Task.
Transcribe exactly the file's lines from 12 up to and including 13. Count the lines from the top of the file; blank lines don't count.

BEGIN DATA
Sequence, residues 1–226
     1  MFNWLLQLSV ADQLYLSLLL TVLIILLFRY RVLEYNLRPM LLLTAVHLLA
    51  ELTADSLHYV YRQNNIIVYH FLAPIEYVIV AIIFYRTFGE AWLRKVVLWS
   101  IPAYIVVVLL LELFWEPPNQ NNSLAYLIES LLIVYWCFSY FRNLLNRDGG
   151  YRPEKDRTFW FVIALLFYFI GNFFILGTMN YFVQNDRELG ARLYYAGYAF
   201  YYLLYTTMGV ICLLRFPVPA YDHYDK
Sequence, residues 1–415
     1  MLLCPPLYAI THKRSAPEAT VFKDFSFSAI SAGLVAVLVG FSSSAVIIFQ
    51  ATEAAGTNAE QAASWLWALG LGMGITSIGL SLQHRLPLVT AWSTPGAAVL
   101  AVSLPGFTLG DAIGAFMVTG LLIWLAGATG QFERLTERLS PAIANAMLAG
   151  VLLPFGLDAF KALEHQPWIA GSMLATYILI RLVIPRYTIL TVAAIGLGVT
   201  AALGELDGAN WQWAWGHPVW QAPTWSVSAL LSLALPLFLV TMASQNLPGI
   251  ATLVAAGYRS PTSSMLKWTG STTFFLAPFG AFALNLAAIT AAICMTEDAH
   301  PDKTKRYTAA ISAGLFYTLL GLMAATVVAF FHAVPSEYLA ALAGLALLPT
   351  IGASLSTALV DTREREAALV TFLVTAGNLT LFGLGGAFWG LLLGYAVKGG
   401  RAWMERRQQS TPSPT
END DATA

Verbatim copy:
   201  AALGELDGAN WQWAWGHPVW QAPTWSVSAL LSLALPLFLV TMASQNLPGI
   251  ATLVAAGYRS PTSSMLKWTG STTFFLAPFG AFALNLAAIT AAICMTEDAH